Bruce Pardy, writer for Financial Post, Canada: If you live in a Western nation like Canada in the 21st century, you have more freedom, prosperity and peace than most of the rest of the world at most other times in history. Yet these countries have never been at greater risk. The threat is not pandemics, climate change or war but something more insidious. Modern Western civilization grew out of the Enlightenment of the 17th and 18th centuries. The ascendancy of reason in human affairs produced the scientific method and later the Industrial Revolution. Add in the rule of law, individual liberty, private property and capitalism, and you have the basic recipe that has raised most of humanity out of poverty over two centuries.
John Eidson, electrical engineer: Fed a constant diet of economic lies by anti-capitalists in our society, the millennial generation has been conned into believing that the wealthy get rich only by stealing an unfair slice of America’s economic pie. By taking more than their fair share, the theory goes, greedy corporate CEOs leave little but crumbs for everyone else. Such thinking is referred to as the zero sum theory of economics: that there is only one finite-sized pie to go around. In truth, America does not have a finite economic pie. Rather, it has a virtually unlimited supply of ever-evolving economic pies of varying sizes waiting to be made by enterprising people from every race and every income group.
(Matt Ridley) UK - Biodiversity threat won’t be tackled by alarmist biologist hype and dismantling capitalism14.May.2019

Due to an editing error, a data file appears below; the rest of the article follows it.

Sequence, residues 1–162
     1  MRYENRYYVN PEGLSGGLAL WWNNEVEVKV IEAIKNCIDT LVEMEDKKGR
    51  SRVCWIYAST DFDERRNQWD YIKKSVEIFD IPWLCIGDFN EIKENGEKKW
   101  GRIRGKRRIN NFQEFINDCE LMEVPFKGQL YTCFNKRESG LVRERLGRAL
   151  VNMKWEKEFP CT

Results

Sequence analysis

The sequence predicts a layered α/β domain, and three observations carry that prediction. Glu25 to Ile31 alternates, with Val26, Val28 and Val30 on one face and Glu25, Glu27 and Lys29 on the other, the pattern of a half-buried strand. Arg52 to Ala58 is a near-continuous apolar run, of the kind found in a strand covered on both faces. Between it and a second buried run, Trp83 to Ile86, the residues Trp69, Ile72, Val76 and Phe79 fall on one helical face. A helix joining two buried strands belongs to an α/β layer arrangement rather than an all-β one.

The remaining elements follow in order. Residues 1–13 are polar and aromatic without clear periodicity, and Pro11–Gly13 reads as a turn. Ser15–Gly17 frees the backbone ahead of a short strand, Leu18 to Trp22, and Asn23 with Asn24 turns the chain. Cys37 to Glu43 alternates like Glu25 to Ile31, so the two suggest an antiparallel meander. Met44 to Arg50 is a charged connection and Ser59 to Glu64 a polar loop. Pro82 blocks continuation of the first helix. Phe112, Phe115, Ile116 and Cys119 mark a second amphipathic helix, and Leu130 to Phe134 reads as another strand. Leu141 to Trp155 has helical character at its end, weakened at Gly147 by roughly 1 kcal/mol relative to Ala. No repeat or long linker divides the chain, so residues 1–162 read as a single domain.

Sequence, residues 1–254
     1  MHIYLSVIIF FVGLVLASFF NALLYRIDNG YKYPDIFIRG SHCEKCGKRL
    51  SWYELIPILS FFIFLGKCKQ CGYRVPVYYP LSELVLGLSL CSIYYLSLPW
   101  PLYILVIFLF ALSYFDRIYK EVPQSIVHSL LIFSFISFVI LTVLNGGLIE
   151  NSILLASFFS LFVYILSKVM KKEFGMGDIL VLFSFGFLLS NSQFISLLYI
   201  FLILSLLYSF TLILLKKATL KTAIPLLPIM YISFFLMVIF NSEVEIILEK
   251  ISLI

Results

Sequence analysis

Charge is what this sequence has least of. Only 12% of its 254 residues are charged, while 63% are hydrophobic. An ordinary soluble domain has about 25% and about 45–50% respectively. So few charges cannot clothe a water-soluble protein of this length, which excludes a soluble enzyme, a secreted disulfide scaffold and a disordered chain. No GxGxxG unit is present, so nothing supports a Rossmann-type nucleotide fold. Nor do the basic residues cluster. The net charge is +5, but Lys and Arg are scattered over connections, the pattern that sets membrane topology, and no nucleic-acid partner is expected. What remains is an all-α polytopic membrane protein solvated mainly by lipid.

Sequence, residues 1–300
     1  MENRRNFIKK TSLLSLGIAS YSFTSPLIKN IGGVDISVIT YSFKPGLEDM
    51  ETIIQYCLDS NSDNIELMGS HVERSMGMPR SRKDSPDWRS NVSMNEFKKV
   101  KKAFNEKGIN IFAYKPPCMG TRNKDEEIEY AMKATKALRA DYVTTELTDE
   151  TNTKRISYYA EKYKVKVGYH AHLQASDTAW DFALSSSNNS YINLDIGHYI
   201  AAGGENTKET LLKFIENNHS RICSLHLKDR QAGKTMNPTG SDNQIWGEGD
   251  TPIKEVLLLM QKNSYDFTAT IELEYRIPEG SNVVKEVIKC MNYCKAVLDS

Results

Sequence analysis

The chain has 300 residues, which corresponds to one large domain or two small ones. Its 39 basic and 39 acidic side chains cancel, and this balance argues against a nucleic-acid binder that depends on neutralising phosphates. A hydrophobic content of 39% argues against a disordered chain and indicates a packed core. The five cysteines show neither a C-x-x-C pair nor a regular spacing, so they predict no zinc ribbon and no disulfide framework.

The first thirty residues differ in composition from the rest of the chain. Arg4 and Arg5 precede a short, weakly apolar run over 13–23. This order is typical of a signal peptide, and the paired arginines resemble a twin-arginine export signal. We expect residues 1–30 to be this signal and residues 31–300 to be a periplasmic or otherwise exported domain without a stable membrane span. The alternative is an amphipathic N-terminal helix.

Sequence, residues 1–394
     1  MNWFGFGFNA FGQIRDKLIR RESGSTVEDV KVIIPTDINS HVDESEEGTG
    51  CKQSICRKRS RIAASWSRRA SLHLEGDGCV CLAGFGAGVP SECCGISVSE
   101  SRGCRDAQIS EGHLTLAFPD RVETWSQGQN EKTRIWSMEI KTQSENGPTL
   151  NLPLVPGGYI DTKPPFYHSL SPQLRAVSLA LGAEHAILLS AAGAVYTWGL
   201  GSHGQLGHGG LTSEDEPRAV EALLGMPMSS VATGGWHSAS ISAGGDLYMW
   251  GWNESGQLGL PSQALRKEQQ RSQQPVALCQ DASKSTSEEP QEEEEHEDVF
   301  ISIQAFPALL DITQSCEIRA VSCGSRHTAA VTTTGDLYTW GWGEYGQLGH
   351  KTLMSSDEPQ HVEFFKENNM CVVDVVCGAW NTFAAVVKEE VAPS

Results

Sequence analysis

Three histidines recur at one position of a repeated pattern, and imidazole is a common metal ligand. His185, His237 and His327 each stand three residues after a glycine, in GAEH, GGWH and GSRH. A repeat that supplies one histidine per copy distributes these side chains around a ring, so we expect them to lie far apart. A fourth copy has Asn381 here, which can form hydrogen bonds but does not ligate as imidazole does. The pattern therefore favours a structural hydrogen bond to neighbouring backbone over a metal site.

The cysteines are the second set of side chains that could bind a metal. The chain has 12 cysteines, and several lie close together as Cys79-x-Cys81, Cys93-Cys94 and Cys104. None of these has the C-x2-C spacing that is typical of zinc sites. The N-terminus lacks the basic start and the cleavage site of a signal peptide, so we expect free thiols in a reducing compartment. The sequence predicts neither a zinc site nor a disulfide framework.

Matt Ridley is the author of The Rational Optimist and a Member of the British House of Lords: Driven perhaps by envy at the attention that man-made climate change is getting and ambition to set up a great new intergovernmental body that can fly scientists to mega-conferences, biologists have gone into overdrive on the subject of biodiversity. They are right that there is a lot wrong with the world’s wildlife, that we can do much more to conserve, enhance and recover it, but much of the coverage in the media are frankly weird.
Max Roser, economist, geoscientist, philosopher, Founder and Program Director, Our World in Data: To see where we are coming from we must go far back in time. When you only consider what the world looked during our life time it is easy to make the mistake of thinking of the world as relatively static – the rich, healthy and educated parts of the world here and the poor, uneducated, sick regions there – and to falsely conclude that it always was like that and that it always will be like that. In 1950 two-thirds of the world were living in extreme poverty; in 1981 it was still 42%. In 2015 – the last year for which we currently have data – the share of the world population in extreme poverty has fallen below 10%. That is a huge achievement, for me as a researcher who focuses on growth and inequality maybe the biggest achievement of all in the last two centuries.